Hey guys, sup.

I have noticed many people on the forums talking about how their chillers don’t preform. Here is a super simple formula you can use to calculate the cooling capacity needed for a project to make sure you aren’t undersizing.

Take the specific heat of your solvent in BTU/lb F – you can find it in this link - Butane - Thermophysical Properties (we are using butane in this example which is equal it .39 BTU/lb F)

Multiple by pounds of solvent desired to be cooled – here, we use 100 lbs

Multiple by your temperature differential - here, we are going from 80F to -40 F

Divide your desired target temp time into hours for your time multiple (i.e. 15 min would be a BTU/hr multiple of 4). In this case we want to take 100lbs of butane from 80F to -40F in 15 min.

Then convert the BTU to Kw@ your desired temp. Here is a simple converter link - BTU/hr to kilowatts (kW) conversion

Once you have the answer in Kw reduce by your estimated drop do to loss. (normally 20-30% or below for a jacketed vessel and non-vacuum insulated lines). To do this we add 20% to our cooling capacity by multiplying by 1.20. Hot environment about 70 degrees? Add more. Non vacuum insulated vessels? Add way more. Conditions are paramount.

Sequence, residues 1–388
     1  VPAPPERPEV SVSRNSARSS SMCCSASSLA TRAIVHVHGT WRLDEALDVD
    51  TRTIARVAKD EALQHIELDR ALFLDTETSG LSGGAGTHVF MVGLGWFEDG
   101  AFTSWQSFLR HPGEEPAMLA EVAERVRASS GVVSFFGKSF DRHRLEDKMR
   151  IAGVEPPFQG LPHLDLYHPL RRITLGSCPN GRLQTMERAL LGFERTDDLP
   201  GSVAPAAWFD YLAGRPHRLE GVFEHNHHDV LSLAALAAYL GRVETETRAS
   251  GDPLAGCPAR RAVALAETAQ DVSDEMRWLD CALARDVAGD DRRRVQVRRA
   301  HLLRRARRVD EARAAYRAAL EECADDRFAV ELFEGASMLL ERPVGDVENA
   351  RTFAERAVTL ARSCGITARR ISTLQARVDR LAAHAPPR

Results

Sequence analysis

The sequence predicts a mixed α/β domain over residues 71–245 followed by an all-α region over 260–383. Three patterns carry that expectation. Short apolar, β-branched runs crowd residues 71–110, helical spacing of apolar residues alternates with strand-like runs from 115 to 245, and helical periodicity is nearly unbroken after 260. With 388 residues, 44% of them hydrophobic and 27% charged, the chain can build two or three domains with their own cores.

So, in our example 100lbs of butane cooled from 80f to -40f in 15 min would be -

.39 (specific heat) * 100 (lbs of butane) * 120 (degrees of change) * 4 (multiple of 1 hr (15min)) = 18,720 BTU/hr @-40F

Same thing but in one hour instead of 15 min = 4,680 BTU/hr @-40F

Convert 18,720 BTU/hr to Kw - 5.48Kw @ -40F

Add losses from thermal fluid, hoses, jacket, and shell. (20-30%)

Add the difference 1+.20 (added 20% over power for losses)

5.48KW*1.20 = 6.57KW @ -40F

Remember that cooling capacities of chillers generally drop as they get cooler. The deeper you go, the more expensive it gets. Be sure to check your chillers cooling curve before spec’ing a chiller.

Alternatively, you can just call me. Questions and comments welcome. I hope this helps.